Then there is Medicaid expansion, which is not going well at all. I’d previously written on this, and the situation isn’t getting better. The Arkansas approach, which relies on purchasing private insurance, was seen to be a potential solution for wavering states, but the Arkansas House recently failed to approve the approach. Similarly, in Ohio, Gov. Kasich faces rebellion from his own party on his support for their version of expansion. The number of states who have not opted to expand Medicaid should, ironically, hold down the projected federal spending, but it is not clear how the Administration is scoring the impact of those states’ reluctance.
ACA used employer coverage as a continued cornerstone for source of coverage – remember “if you like your health plan, you will be able to keep your health plan”? – but that cornerstone is weakening. The Robert Wood Johnson Foundation recently detailed what has long been known: employer coverage has declined drastically over the past few years, dropping 10 percentage points nationwide from 1999/2000 to 2010/2011. Some states saw even worse results, led by Michigan with a 15.2% decline. And that was before ACA’s biggest impacts.
Optimists are pointing out that there is no sign yet of employers planning to drop coverage or cutting back on full time hours to avoid their 2014 mandate requirements, but I think their optimism is premature. Even if 70% of benefit professionals say their companies would “definitely will” keep health coverage, as cited by the International Foundation of Employee Benefit Plans survey, that number is still alarmingly low, and those same professionals are coming to be more pessimistic about how much ACA has been increasing their costs.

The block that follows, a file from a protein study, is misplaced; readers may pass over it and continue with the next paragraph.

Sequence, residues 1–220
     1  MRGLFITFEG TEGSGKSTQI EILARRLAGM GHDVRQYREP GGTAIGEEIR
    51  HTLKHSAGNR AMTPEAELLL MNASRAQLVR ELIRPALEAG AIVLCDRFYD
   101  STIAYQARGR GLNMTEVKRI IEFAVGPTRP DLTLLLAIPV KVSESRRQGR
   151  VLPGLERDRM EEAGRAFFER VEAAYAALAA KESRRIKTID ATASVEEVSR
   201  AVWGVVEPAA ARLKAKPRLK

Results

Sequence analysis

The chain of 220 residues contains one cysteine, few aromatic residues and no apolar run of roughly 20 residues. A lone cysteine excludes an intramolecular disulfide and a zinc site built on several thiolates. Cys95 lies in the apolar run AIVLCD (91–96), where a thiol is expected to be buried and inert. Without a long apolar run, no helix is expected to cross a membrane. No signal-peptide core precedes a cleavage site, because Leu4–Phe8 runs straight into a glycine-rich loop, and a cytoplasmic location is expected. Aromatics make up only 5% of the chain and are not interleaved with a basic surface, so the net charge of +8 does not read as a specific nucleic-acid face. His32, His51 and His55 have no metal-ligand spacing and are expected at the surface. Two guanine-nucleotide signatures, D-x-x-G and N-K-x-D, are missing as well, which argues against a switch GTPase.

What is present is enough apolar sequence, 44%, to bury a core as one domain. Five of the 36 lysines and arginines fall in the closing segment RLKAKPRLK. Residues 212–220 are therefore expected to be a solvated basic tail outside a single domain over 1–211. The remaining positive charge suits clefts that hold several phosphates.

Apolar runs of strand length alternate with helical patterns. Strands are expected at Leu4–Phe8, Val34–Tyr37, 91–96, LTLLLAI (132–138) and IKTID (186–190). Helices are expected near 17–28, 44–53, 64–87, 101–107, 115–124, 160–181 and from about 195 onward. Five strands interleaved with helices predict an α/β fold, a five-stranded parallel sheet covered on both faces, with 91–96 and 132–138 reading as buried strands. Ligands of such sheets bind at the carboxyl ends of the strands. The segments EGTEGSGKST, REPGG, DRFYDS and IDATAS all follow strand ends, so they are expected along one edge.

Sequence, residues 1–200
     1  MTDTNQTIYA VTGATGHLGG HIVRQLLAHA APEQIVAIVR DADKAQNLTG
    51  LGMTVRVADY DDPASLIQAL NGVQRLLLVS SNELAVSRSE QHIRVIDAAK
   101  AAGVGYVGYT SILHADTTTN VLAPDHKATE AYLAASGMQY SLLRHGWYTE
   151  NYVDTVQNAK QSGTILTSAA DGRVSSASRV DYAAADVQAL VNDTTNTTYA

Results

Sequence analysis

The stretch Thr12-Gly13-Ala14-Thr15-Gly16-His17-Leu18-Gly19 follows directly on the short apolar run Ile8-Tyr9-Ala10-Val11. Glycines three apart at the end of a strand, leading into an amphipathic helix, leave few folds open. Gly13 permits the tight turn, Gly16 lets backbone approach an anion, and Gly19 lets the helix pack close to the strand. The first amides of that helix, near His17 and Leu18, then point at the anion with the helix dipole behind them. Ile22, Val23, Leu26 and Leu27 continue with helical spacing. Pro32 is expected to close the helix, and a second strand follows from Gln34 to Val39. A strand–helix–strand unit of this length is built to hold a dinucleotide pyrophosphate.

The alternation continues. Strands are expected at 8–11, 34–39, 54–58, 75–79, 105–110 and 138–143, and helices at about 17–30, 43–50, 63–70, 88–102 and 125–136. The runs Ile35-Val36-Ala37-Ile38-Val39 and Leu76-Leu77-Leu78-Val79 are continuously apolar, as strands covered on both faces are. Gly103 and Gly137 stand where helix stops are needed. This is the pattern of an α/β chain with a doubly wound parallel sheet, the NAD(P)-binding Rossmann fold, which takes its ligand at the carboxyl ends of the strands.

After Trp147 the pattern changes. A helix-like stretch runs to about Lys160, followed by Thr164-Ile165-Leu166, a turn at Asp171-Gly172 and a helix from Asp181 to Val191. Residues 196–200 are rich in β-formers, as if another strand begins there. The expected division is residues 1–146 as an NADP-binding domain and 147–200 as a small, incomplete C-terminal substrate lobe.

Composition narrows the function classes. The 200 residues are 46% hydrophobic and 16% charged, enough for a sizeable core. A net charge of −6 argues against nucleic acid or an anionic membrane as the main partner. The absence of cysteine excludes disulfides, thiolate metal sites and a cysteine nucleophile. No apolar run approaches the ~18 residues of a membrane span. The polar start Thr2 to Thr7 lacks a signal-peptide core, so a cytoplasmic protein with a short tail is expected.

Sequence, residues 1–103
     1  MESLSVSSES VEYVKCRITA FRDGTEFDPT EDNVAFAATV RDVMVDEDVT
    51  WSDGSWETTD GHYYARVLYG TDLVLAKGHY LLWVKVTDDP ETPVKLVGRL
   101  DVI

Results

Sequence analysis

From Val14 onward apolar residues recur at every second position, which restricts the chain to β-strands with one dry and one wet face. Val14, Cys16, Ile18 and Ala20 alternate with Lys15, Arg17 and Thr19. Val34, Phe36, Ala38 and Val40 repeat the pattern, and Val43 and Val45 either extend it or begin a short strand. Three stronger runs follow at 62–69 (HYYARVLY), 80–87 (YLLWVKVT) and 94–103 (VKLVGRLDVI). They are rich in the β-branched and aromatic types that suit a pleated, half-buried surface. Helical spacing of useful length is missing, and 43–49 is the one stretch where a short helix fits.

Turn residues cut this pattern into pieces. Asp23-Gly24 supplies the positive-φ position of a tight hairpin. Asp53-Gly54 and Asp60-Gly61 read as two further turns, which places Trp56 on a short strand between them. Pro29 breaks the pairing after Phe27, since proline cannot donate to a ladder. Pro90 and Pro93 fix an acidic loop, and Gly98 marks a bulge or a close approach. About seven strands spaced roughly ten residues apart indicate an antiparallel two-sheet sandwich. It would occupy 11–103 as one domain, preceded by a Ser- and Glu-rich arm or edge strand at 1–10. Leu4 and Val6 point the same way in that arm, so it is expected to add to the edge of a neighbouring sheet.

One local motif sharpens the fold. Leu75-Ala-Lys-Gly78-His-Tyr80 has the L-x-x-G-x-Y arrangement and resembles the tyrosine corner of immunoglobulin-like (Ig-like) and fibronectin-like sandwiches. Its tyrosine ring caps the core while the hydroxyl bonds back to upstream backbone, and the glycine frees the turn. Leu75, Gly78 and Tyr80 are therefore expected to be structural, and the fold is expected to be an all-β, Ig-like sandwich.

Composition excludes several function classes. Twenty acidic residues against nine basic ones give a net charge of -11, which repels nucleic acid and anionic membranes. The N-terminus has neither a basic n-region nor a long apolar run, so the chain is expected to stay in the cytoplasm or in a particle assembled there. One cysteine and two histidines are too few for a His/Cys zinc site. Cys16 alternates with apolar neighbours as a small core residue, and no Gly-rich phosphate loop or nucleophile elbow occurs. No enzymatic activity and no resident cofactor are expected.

Similarly, quoting the recent Minneapolis Federal Reserve survey results -- which indicated 89% of employers hadn’t shifted full-time employees to part-time – as good news seems slightly Orwellian. Eleven percent is a lot for something that hasn’t happened yet, and the Fed notes that the 89% didn’t exactly say they wouldn’t in the future.
When one adds up the various things that are becoming visible problems about ACA, the list starts to get long. For example, the tax on employer plans, the medical device tax, and the affordability test for large employers’ contributions to dependent coverage have all come under fire in the past few months. And let’s not forget that the Class Act was the first part of ACA to go, with Secretary Sebelius killing it back in fall of 2011.
According to Kaiser Family Foundation’s latest survey, three years after the passage, over half of Americans report they don’t understand how ACA will impact them, and a plurality still oppose the law. One wonders how many members of Congress who supported ACA originally would still vote for it if they had a second chance.
One way or the other, we’re going to put putting increasing numbers of people in the exchanges in 2014 and beyond, which will increase the strain on them and will increase the cost of subsidies. Maybe that’s not so bad, but we better go into 2014 with our eyes open about the difficulties the system may face. No matter what Secretary Sebelius says.